Drought/snowpack news: ‘The positive side of it is that in most of our heavier winters, we start out dry’ — Billy Barr #CODrought



From The Crested Butte News (Alissa Johnson):

Out at Gothic, Rocky Mountain Biological Laboratory business manager [Billy Barr] just recorded the driest fall in 39 years. That means that out of 39 years of data, September through November ranked #39 out of 39 for snowpack and snowfall. “The positive side of it is that in most of our heavier winters, we start out dry because the weather patterns miss us the first couple months of winter and then we get it starting to come through here, and in January, February and March we get hammered,” [Barr] said…

It’s not a sure thing—last year the weather pattern never changed, and as barr pointed out, no winter has ever started like this one—but it’s a pattern locals are banking on. The streets are filled with rumors that we never get two dry winters in a row, and the last big winter during 2007-2008 was dry until December 7. Then, the skies opened up…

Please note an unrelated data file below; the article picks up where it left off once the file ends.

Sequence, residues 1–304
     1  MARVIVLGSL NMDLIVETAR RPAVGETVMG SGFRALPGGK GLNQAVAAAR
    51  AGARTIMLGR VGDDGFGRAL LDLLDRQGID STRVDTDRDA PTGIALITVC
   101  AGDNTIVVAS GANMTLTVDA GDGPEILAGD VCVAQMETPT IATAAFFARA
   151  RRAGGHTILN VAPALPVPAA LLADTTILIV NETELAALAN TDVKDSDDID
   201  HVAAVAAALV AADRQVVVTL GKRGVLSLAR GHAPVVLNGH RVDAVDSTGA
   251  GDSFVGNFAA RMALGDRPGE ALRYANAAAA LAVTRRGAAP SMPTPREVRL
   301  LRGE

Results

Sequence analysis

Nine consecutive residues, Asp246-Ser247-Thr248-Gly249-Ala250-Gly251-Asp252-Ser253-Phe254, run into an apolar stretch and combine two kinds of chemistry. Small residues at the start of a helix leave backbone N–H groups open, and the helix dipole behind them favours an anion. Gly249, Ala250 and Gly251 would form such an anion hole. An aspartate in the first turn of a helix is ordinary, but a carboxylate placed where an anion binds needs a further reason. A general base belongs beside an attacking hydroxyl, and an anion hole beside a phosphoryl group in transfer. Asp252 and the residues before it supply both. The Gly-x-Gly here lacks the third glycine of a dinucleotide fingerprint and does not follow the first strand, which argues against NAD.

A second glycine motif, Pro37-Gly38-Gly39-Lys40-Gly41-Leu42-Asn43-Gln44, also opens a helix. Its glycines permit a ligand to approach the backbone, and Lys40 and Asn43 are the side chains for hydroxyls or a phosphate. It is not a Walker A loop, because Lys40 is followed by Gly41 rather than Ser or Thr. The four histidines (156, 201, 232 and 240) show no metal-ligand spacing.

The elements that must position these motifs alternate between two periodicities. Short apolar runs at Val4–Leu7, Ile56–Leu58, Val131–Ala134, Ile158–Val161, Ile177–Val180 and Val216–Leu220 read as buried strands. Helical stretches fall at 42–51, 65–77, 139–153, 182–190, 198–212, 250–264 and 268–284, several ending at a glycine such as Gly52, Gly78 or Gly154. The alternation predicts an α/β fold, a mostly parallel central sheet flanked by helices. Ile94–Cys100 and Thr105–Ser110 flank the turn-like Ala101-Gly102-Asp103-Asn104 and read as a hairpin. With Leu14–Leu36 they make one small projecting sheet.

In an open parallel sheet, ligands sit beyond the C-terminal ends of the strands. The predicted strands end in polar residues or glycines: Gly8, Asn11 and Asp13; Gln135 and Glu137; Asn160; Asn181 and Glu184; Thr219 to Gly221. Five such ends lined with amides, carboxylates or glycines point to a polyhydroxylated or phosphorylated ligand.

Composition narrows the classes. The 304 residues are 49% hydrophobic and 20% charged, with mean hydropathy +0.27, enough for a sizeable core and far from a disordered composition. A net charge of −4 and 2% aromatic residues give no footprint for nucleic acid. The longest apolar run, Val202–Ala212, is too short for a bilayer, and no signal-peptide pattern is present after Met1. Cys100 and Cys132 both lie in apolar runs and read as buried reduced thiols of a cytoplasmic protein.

For skiers hoping to give Mother Nature a boost, [local historian Duane Vandenbusche] went back to the history books for some tried and true methods. “In the early days of the Crested Butte ski area and the early days of Vail they brought a group of Ute Indians in from the Four Corners to do a snow dance,” he said.

In 1963 in Vail, for example, Many Cloud of the Cloud Clan led dancers to call upon the spirits of the land. And in spite of the smirks of skeptics, the history books report that the “Next day, says a believer, it snowed like hell.”[…]

We’ve also read that sleeping with a silver spoon under your pillow can help, and here at The News, we like Murphy’s Law. If you put your bike back into storage in October, haul it out for one more ride. If you’ve been riding it every day, put it away for goodness sake.